Really, that’s it. I set out to write a post about how important personal preparation is, how helpful it is. But I believe it is truly the most important key to leading worship from a place of inspiration. Whether you lead by singing, playing an instrument, or even running sound or the lyrics software, preparation is primary.
I wish I could say I set aside time before every worship set to prepare on my own, but it doesn’t always happen. This past weekend, for example, I was scrambling just to get basic things in order for Sunday morning. But the difference in inspiration I feel between going in prepared and not is night and day.
My preparation usually entails playing and singing through the worship set in my studio, on Saturday, with Ableton loops and Mainstage sounds, just as I will use them the next day. But it doesn’t take all that. Your preparation might be as simple as playing with a recording or singing a capella.
The key is to allow time and space for focused preparation to occur. You want to be attentive to your musical tasks and spiritually receptive to the Holy Spirit.
I receive at least six clear benefits from this type of preparation. Playing through the songs on my own allows me to…
1) …play and sing more effectively, which helps me lead more effectively. When my parts are sorted out beforehand, I can forget about some of the musical maneuvering, put it on auto-pilot, and simply focus on leading and worshiping.
Many people talk about the difficulty of playing music and worshiping at the same time, or worshiping and leading at the same time, or even just playing an instrument and singing at the same time. What’s the key? You have to develop your technical skills so they require less than 100% of your attention. Worshiping while playing becomes much easier when the music only requires 30% of your mental energy. The rest can happen through coordination of ear training and muscle memory, developed through practice.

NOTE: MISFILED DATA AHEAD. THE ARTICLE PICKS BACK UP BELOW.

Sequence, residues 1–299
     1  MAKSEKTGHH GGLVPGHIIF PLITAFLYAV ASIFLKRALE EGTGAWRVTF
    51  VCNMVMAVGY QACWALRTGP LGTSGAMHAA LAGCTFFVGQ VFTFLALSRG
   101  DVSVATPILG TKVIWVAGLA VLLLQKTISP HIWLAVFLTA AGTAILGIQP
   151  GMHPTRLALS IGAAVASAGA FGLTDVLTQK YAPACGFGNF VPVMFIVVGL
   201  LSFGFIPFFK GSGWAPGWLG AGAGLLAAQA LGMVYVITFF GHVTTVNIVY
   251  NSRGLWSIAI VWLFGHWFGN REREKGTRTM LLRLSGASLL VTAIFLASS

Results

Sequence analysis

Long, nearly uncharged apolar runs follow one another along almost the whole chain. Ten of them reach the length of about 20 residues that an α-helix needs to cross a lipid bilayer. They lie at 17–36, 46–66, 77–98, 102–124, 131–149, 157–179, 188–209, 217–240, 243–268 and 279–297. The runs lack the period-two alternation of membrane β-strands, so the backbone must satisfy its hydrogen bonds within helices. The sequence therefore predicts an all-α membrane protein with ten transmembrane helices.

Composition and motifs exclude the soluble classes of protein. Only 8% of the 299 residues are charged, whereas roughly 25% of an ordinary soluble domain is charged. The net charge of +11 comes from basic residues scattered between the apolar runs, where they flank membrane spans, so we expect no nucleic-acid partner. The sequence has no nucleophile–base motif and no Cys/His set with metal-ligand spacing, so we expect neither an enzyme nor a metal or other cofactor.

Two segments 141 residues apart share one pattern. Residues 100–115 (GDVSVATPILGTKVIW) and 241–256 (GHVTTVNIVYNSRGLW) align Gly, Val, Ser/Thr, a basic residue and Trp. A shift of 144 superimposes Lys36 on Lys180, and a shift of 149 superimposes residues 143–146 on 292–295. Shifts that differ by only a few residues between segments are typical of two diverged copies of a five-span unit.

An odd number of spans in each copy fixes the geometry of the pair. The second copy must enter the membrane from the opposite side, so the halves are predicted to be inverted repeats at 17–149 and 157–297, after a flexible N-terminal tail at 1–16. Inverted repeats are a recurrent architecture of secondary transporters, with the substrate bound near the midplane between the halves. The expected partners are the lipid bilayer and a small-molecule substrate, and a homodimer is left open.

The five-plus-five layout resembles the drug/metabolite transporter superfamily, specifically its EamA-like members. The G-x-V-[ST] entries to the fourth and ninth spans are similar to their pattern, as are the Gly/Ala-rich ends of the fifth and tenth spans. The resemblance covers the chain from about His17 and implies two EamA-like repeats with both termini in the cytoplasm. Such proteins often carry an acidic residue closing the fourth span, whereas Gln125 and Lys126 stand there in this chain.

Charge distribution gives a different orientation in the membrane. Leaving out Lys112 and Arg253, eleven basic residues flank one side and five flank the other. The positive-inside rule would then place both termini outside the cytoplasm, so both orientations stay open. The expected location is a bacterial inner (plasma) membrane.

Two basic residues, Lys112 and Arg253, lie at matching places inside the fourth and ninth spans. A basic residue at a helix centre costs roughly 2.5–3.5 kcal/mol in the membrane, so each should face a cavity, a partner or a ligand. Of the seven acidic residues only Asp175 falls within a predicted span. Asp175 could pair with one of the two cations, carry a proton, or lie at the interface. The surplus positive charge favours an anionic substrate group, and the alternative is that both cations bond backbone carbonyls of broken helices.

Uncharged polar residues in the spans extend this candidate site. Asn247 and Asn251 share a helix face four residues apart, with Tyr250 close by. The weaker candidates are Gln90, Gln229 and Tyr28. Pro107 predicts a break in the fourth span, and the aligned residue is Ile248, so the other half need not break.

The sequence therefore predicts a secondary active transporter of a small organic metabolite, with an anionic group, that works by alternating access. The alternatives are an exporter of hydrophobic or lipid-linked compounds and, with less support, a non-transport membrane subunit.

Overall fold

2) …help others, because I’m playing/singing my parts correctly. Who would you rather play with: someone who knows his/her part or someone who doesn’t? Every mistake you make has the potential to create instability for your bandmates and for the congregation. I want to be one who creates a solid platform for others to play and sing inspired. My preparation time helps me do that.
3) …adjust when others aren’t solid. Live music requires the ability to listen and respond, not simply be an island of correct notes. Having my parts ready means I will be more adept at adjusting to a wrong lyric or a rushed drum fill.
4) …come up with musical ideas. My personal preparation time is the safest place to experiment. When ideas happen during preparation, I have freedom to explore them. This sometimes results in a new song being added to the set, a new feel for a well-known song, a new musical riff, or even a newly-written vamp or chorus. It’s the preparation time that breaks the cycle of doing the same songs the same way every time.
5) …draw inspiration from the Holy Spirit. Playing and singing through the worship set on my own removes the distractions that people can create. It allows me to take a step back and ask God what he wants to do through the worship set.
Sometimes the Holy Spirit will highlight a theme woven through the songs, or bring to mind a scripture to read, or even give a prophetic statement for the church. Of course, this can all happen during a worship set, but I find I’m more receptive in preparation time.
6) …get back to my original purpose in leading worship: ministering to the Lord. God showed me several years ago, in a very definitive way, that my purpose is rooted in Ezekiel 45:4b, as one of those “who minister in the sanctuary and who draw near to minister before the Lord.” I have a public ministry, but it is more effective when preceded by my private ministry to the Lord. I want the prayers, songs, and melodies heard only in my studio to resound in heaven, blessing the audience of One.
Preparing in the secret place
You may have great rehearsals with your team, where you develop the musical confidence and spiritual receptivity to lead effectively. Even if that’s the case, I challenge you to go a step further and prepare on your own, in the secret place.
He who dwells in the secret place of the Most High shall remain stable and fixed
under the shadow of the Almighty. I will say of the Lord, He is my Refuge and my Fortress, my God;
on Him I lean and rely, and in Him I confidently trust!”